DHL CEO Ken Allen wants green energy and sustainability to be cool, and at the Formula E electric street race in Brooklyn, New York last week — the very first in the U.S. — he may have succeeded.
Thousands of spectators turned up to watch the sleek electric racing cars whip around a track at the Brooklyn Cruise Terminal as Formula E approaches the end of its most successful racing season to date. It’s not hard to see the appeal: the cars make a high-pitched whistling noise that sounds like a podracer from the Star Wars franchise, and the medical cars trailing the pack are completely silent, giving the races a very futuristic, sci-fi feel.
And that’s not the only draw: various exhibits at the racing event featured more electric cars, electric motorcycles, and the latest technological efforts by BMW and Qualcomm to improve sustainability within the auto industry. The event is new and exciting, and appeals to a diverse audience: those interested in cars, sports, the latest technological advancements, the sustainability and green energy movement and climate change.
DHL markets itself as “the logistics company for the world,” and as indicated by its partnership with Formula E, it takes that role very seriously and sees itself as a leader and a pioneer within the sustainability movement. According to a recent fact sheet and press release, DHL was the first company in the transportation industry to target reducing emissions by 30% by 2020 and reached its 2020 efficiency goal in 2016: four years ahead of schedule.
At a July 14 press conference before the electric street races, Allen called sustainable energy and e-commerce “the future of commerce,” and said one of DHL’s roles as the official logistics partner of Formula E is to bring awareness to climate change and the role of business in counteracting it.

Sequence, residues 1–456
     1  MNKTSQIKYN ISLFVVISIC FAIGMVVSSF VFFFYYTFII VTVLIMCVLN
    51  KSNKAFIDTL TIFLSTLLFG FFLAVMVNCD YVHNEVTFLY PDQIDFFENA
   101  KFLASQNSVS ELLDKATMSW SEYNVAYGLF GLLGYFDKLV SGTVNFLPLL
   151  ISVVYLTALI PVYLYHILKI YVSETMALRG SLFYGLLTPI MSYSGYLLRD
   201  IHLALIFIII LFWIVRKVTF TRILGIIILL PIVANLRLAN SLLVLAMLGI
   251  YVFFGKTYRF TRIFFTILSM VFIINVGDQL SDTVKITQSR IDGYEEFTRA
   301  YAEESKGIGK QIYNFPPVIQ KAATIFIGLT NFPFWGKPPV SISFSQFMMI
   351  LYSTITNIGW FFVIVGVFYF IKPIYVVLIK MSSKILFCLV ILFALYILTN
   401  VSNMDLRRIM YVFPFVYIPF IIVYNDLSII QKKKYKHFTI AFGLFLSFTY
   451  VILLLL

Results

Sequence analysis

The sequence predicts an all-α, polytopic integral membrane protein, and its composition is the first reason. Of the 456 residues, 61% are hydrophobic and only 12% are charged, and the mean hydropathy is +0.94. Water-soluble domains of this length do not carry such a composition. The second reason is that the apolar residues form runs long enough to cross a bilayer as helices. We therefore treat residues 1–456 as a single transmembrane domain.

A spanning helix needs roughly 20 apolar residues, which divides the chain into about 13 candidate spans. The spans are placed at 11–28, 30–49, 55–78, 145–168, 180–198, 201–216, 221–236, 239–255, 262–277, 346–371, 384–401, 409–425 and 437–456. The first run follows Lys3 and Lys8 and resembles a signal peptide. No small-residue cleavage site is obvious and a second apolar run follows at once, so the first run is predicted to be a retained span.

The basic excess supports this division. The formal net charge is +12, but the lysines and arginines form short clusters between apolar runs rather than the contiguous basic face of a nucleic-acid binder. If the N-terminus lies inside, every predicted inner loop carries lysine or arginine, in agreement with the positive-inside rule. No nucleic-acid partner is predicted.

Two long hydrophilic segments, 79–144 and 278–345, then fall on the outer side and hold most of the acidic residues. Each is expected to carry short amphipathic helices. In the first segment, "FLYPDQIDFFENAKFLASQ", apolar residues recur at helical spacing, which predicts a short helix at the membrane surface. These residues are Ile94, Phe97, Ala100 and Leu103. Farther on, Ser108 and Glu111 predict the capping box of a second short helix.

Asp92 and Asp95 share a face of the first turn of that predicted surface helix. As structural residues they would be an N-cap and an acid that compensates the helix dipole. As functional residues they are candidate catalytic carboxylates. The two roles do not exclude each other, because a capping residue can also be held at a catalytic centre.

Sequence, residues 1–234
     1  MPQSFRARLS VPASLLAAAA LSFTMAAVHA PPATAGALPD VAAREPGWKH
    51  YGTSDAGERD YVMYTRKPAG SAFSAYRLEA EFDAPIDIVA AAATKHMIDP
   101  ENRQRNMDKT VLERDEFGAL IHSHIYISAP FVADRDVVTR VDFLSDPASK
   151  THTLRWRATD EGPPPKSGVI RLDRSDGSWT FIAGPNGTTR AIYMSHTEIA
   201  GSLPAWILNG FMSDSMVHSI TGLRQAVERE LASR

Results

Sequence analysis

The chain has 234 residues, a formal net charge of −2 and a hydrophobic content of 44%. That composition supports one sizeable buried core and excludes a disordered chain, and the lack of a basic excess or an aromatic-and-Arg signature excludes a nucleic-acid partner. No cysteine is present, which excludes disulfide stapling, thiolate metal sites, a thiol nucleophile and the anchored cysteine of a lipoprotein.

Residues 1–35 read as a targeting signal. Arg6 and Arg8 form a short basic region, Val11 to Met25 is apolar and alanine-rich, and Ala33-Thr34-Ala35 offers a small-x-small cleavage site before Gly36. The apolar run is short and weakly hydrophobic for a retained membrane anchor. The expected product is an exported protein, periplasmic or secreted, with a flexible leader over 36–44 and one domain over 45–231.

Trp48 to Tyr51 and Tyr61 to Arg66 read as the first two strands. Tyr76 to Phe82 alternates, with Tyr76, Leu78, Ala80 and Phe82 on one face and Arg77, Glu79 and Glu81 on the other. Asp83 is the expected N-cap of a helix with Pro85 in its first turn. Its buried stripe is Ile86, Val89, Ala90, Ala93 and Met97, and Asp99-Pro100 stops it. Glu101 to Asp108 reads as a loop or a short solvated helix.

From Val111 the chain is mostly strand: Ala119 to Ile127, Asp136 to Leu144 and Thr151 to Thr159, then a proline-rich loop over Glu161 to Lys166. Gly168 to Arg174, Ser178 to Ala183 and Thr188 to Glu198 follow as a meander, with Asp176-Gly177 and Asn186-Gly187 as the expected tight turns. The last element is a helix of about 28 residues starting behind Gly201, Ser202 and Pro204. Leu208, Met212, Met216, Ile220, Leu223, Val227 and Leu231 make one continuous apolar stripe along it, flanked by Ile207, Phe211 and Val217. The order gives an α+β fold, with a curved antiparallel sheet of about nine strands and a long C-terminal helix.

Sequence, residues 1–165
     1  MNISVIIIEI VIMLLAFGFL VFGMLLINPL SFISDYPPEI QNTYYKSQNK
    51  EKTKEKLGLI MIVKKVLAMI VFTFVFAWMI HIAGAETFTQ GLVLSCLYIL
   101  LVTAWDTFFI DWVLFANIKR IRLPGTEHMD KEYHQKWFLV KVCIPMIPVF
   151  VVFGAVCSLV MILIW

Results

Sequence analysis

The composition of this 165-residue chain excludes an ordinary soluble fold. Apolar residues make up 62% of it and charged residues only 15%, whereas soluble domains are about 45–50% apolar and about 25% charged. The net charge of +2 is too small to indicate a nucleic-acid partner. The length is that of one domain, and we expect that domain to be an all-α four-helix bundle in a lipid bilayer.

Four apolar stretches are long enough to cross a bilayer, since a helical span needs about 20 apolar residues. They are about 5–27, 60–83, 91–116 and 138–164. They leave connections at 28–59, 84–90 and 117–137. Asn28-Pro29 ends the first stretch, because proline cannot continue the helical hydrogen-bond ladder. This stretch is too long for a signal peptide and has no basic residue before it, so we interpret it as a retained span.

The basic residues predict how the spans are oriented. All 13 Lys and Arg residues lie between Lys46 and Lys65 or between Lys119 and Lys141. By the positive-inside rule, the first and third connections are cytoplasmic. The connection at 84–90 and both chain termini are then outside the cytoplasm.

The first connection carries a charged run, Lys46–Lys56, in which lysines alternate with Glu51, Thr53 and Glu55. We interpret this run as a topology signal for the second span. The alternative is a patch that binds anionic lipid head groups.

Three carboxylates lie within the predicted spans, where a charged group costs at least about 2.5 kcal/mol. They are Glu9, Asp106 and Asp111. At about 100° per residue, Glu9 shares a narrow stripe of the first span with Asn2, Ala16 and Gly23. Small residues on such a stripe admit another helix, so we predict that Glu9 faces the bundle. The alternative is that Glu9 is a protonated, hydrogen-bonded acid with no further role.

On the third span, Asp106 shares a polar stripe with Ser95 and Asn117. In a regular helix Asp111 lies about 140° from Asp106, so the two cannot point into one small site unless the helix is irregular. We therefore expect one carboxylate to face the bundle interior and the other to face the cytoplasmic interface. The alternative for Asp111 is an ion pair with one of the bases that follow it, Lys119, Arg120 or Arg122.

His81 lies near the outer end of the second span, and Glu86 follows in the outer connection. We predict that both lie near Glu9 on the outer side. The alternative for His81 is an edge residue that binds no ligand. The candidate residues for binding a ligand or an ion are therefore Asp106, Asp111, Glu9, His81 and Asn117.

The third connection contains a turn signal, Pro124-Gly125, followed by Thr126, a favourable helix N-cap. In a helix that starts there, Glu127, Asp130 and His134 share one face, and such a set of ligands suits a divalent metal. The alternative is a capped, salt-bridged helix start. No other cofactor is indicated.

The entertainment value of the races provides value to society.
CEO of DHL
He challenged companies and individuals to brainstorm clear-sighted ideas and implement them to combat climate change, and said regulatory environmental protection would not be enough to take care of the planet.
“If all of us do our bit to make the world a better place, as a company and as an individual, then the regulation will fall into place,” he said.
But Allen also said he believes humans have a real chance at saving and protecting the planet.
“I think the world is in a much better place than the media and TV make it out to be,” he told reporters.
Allen believes DHL’s partnership with Formula E is helping and will help spread climate change awareness and inspire innovation.
“This entertainment value (of the races) provides value to society,” he said. “We thought, how do we make sure everyone watching gets the idea we’re contributing something to society? The more people that see the stuff and get excited about it, the more ideas they’re going to come up with to help us move forward.”
Formula E embodies the sustainability movement within the auto industry